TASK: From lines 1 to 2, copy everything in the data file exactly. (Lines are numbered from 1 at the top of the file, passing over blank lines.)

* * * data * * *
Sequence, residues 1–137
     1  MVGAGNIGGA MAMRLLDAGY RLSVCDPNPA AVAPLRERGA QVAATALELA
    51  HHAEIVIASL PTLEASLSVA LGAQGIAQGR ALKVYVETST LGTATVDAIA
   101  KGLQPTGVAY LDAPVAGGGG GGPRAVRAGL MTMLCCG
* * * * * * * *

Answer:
Sequence, residues 1–137
     1  MVGAGNIGGA MAMRLLDAGY RLSVCDPNPA AVAPLRERGA QVAATALELA